Hurrah! I have
just returned from the
celebration, together with the fact that the kids have gone back to school this
week (have you noticed the traffic?!), has prompted me to think about learning
and development. It’s an area I’m passionate about and, painful as it sometimes
is, I do practice what I preach.
A few years ago I was part of a small group of people from across the internal comms world which developed the Inter-Comm professional development matrix. With backing from all the key players in the industry, it was a first step towards creating a clear and consistent development framework for communicators. It’s looking a little dated now (we’re planning a refresh soon), but it’s still a robust piece of work and a great starting point if you’re contemplating your development.
As every good HR
person will tell you, there are numerous options – formal training, coaching
and mentoring, educational courses, visiting other organisations, secondments,
volunteering to support one of the professional bodies, and so on. I will return to this subject, but for now I
want to concentrate on degree and post grad courses.
I’m often asked to recommend a good degree course for internal communicators, something I really struggle with. It’s not that the courses out there are no good, it’s just that there are so few of them to choose from. These are the only three dedicated IC courses in the UK I know about:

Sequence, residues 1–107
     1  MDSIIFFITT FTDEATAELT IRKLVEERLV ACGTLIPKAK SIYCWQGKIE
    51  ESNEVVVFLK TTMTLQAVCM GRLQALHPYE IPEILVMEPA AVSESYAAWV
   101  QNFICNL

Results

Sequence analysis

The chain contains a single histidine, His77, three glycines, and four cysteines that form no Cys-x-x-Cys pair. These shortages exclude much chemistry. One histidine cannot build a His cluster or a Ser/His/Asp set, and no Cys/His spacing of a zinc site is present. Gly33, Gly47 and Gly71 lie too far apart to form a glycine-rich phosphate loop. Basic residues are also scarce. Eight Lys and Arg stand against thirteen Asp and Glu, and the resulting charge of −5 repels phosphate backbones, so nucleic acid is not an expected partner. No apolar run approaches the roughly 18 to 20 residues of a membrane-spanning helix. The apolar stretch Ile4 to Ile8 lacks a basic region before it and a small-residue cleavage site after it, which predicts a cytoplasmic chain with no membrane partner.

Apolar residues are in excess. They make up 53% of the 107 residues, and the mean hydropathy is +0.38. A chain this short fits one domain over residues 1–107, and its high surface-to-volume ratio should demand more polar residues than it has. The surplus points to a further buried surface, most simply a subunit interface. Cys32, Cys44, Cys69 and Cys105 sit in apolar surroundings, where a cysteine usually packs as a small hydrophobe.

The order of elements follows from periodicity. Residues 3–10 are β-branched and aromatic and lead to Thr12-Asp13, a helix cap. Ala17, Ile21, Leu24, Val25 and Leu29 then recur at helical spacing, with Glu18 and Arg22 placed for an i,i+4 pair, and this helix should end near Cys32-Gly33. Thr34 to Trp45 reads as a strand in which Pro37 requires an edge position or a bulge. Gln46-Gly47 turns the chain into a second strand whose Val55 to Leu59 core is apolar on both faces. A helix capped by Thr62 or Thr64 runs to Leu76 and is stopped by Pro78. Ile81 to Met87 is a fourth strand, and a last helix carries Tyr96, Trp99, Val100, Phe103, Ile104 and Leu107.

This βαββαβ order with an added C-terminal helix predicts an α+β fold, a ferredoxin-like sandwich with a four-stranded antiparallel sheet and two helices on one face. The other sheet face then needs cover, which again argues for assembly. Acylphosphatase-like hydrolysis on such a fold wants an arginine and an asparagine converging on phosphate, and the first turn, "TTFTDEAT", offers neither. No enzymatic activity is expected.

- Kingston University - post graduate diploma and MA in IC management
- Bournemouth University - post graduate certificate in IC management
Let me know if you’re aware of any others.
There are, of course, lots of wonderful PR-based courses catering for the sexy end of our profession, but most of them pay mere lip service to internal comms (apparently Lincoln University has a module called 'internal PR' in its PR degree!) The course I studied was different and very relevant. I'm sure there are others like it.
And don’t get me started on MBAs and broader business courses – though they often cover change management, most of them wouldn’t give employee communication a second thought.
I find this whole area rather frustrating, but it’s indicative of the immaturity of our ‘profession’. Before we can earn the right to use that tag we need academia to wake up to IC, we need the disparate associations to come together, we need agreement on what it means to be an IC professional, and we need practitioners to be required to undertake continuing professional development. These, for me, are vital ingredients of professionalism.
We’ll get there, but it will take time. Until then it’s up to each of us to take learning seriously. If you haven’t already got one, take the opportunity to draft a personal development plan this week.